ACPs give little indication as to “the final scope of the claims that will eventually emerge from
reexamination after [VoltStar] has exhausted all administrative and judicial courses of review.”
Defendants’ own statistical evidence shows that inter partes reexaminations last three years on average. (See No.
2:12-cv-00082, Dkt. No. 29, Ex. 7; No. 2:13-cv-00097, Dkt. No. 22, Ex. 12.)
SSL Servs., LLC v. Citrix Sys., Inc., 2:08-cv-158-JRG, 2012 WL 909318, at *2 (E.D. Tex. Mar. 16,
2012). Even if some of the asserted claims ultimately change in scope during reexamination, “the
interests of justice will be better served dealing with that contingency when and if it occurs, rather
than putting this case indefinitely on hold.” Id. (citation omitted).
That said, the Court is mindful of the estoppel effect of inter partes reexaminations that may
serve to simplify certain issues in this case, particularly those relating to validity of the patents.
See EchoStar, 2006 WL 2501494, at *2 (granting a stay and giving weight to the estoppel effects
on the third-party requester in an inter partes reexamination proceeding). Here, Superior, being
the third-party requester of the reexaminations, is estopped from relitigating the same issues which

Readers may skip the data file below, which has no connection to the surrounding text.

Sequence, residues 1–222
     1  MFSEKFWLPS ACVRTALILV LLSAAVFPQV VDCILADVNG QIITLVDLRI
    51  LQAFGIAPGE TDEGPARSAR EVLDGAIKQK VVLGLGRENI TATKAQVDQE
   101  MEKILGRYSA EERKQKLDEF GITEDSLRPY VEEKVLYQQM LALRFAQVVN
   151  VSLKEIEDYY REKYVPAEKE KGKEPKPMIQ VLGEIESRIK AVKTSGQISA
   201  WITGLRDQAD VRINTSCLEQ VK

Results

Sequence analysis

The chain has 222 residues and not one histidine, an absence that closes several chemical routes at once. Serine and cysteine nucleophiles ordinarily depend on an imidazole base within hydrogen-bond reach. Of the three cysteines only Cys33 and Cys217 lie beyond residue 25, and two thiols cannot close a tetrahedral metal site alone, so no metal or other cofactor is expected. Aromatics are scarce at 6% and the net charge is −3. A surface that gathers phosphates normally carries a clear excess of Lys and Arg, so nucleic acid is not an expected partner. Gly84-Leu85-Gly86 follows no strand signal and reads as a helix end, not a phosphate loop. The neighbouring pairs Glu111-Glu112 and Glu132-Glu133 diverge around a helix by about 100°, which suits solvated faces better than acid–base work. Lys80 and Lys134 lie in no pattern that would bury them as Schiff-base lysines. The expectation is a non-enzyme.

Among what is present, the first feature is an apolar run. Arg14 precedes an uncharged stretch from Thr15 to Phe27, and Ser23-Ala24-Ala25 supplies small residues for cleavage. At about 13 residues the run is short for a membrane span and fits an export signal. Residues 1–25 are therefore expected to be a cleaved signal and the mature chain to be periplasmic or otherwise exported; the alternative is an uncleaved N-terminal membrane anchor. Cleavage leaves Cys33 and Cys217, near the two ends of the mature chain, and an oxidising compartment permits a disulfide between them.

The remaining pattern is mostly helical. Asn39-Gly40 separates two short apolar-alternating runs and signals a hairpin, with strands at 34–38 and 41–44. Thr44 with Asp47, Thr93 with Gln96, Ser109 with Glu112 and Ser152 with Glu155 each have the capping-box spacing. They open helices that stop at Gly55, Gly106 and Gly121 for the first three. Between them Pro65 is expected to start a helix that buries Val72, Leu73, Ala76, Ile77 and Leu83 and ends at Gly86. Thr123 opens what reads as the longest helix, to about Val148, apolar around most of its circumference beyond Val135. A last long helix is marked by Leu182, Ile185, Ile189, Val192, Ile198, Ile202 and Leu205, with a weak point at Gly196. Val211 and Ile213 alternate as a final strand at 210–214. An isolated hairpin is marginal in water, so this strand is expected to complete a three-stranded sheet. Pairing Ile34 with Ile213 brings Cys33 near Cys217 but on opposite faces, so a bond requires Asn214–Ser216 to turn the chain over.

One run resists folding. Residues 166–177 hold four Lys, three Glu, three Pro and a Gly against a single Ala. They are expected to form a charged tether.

“[it] raised or reasonably could have raised” during the inter partes reexamination proceedings.
35 U.S.C. § 315(e).
A stay may potentially simplify these issues as relates to Superior.
However, this is far from certain. Clearly, AT&T is not a party to the reexamination proceedings
and would not be subject to the same potential estoppel as Superior. Thus, to the extent that
estoppel may simplify any issues in this case, its effect is speculative and limited. Weighing both
the possibility of some limited estoppel effect and the uncertainty over the scope of claims
eventually emerging from reexamination, the Court believes a stay would not necessarily simplify
issues in this case. The second factor weighs in favor of denying a stay.
c. Status of This Case
The Court acknowledges that the third factor, whether discovery is complete and whether a
trial date has been set, weighs slightly in favor of granting a stay. Here, deadline to complete fact
discovery is five months away, and trial ten months away. (See No. 2:13-cv-00097, Dkt. No. 25.)
Some discovery has been undertaken in the AT&T case but none in the Superior case. The parties
have not yet filed their joint claim construction statement or proposed claim terms to be construed.
Ultimately, however, the Court finds that the benefits of a stay at this stage of the proceedings are
outweighed by the various other considerations discussed above.
On balance, the relevant factors in this case favor denying the Motions before the Court.
For these reasons, the Court DENIES AT&T’s Motion to Stay (No. 2:12-cv-00082, Dkt. No. 29)
and Superior’s Motion to Stay (No. 2:13-cv-00097, Dkt. No. 22).
SIGNED this 19th day of December, 2011.
So ORDERED and SIGNED this 22nd day of August, 2013.
UNITED STATES DISTRICT JUDGE